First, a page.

The 2009 accolades included a 25-match win streak, the longest in school history, and the highest RPI for Lipscomb at 34, led to Rosenthal earning 2009 A-Sun Coach of the Year honors.
Lipscomb also picked up its first All-America honors in program history as Alex Kelly and Jake Pease were named honorable mention All-America by the American Volleyball Coaches Association (AVCA).
In 2007 Rosenthal directed the Lady Bisons to their first ever A-Sun Conference Tournament Championship, their first ever berth in the NCAA Tournament and their first overall winning season in the NCAA era.
Rosenthal works hard to recruit players who possess a passion, not only for volleyball, but for life as well. Whether it's on the court, in the classroom or out in the community the players have to be willing to put forth the effort to succeed on a daily basis.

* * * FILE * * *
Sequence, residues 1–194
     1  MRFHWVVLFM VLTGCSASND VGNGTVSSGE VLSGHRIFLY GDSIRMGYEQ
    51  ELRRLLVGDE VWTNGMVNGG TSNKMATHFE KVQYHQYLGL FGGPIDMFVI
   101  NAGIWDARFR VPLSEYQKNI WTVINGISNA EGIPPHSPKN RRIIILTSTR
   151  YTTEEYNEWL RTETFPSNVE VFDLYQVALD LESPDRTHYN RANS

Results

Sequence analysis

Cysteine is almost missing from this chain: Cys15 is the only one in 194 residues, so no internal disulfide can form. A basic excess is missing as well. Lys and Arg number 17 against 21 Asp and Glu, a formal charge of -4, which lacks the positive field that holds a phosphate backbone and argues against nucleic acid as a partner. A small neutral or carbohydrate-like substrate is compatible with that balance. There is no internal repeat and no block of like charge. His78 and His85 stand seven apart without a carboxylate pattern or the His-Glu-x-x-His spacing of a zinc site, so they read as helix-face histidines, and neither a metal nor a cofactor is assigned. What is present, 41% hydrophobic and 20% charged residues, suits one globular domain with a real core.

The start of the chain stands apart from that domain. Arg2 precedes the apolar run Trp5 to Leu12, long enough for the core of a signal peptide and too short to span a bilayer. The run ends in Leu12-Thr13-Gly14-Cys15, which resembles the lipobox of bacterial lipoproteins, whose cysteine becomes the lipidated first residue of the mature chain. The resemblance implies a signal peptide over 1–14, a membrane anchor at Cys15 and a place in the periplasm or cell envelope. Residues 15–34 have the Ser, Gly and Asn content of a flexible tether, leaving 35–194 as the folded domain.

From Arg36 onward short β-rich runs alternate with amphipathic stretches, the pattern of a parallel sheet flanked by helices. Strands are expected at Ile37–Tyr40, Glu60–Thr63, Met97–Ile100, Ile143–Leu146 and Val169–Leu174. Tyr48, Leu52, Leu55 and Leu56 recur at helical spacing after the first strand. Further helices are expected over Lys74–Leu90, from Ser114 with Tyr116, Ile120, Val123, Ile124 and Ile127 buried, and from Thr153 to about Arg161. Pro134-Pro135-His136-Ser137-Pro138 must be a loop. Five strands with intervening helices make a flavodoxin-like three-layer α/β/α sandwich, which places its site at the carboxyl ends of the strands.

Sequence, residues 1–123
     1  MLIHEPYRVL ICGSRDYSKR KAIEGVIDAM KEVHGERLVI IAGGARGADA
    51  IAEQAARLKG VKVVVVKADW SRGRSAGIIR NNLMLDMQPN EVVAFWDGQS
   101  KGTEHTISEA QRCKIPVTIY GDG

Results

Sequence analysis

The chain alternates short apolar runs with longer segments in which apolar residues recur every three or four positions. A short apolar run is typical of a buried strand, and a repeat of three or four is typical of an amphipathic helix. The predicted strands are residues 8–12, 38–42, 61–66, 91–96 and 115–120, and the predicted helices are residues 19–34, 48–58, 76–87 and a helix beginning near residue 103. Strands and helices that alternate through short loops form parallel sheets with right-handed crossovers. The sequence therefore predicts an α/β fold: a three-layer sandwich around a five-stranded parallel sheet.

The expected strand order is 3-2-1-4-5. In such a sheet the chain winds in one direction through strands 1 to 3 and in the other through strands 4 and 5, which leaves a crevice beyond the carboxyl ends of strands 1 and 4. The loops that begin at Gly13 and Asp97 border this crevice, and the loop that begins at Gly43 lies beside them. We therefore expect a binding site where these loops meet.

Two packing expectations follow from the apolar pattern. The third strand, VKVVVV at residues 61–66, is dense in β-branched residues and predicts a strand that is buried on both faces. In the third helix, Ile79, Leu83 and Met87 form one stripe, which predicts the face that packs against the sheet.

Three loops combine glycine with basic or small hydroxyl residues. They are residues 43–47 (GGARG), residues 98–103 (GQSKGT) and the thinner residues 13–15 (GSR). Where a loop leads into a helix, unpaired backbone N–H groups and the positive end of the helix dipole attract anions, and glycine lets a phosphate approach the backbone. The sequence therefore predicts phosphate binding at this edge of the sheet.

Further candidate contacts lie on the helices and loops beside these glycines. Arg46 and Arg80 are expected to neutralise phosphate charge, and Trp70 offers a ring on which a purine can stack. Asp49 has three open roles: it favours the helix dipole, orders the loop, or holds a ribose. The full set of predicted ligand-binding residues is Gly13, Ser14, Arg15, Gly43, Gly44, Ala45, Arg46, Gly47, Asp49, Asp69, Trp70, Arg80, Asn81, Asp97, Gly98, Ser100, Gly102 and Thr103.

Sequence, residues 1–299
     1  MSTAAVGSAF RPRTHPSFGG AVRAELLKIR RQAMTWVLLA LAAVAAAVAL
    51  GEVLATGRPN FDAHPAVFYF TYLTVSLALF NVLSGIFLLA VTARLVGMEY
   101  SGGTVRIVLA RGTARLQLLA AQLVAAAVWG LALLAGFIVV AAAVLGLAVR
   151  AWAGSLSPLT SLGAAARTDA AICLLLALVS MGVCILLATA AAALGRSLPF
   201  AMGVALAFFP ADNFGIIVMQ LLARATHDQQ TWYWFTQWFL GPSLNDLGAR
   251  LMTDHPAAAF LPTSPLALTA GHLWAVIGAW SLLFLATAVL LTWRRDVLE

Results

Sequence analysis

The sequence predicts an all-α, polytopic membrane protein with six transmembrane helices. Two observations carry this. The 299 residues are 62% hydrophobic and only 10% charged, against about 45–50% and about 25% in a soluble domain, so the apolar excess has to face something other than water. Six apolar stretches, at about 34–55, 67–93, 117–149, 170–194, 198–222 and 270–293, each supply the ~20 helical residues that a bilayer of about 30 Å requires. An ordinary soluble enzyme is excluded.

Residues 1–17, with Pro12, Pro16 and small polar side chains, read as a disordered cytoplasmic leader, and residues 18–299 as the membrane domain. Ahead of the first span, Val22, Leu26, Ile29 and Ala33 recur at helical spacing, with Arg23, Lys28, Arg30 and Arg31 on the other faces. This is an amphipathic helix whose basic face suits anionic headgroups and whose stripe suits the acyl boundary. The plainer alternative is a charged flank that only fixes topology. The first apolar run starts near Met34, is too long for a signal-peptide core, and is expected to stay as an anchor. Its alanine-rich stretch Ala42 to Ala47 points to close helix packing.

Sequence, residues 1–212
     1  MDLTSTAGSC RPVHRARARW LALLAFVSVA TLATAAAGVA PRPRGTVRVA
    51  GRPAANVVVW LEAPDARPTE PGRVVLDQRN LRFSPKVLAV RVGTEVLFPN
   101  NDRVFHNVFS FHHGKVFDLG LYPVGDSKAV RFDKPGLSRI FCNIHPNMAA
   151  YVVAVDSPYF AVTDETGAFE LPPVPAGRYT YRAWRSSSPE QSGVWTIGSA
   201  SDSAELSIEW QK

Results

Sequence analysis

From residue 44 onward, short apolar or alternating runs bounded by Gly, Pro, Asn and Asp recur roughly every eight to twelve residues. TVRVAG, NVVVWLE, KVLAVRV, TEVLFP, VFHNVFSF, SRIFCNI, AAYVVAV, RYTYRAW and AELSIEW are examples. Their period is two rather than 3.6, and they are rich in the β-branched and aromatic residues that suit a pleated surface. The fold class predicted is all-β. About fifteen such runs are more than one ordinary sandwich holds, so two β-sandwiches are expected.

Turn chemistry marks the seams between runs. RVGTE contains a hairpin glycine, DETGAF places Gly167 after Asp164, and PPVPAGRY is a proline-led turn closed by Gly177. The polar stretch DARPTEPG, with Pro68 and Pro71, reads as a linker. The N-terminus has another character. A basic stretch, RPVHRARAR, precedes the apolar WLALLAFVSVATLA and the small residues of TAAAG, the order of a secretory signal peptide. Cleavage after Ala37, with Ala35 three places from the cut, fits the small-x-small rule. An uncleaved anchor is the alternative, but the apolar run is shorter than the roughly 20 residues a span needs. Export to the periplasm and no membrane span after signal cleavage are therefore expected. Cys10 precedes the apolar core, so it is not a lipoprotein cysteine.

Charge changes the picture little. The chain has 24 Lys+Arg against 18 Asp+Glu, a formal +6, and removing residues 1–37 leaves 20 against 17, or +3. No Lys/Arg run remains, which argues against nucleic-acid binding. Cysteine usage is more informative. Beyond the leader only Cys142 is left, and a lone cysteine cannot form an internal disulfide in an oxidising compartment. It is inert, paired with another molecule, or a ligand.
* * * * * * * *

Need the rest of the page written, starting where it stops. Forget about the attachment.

"I want to see that passion each and every day," Rosenthal said. "That is the hardest part of what I ask for from my players. I expect their best and by that I mean effort, whether it is on the court, in the classroom, traveling with the team or performing community service."
"Practices are tough, both mentally and physically. I want our players to be challenged because when the official blows the whistle to start a match it is the player, not the coach, who makes the difference."
The statistics posted by the Lady Bisons as a team and as individual players have been increasingly impressive each season. But Rosenthal thinks the game of volleyball is about more than the numbers.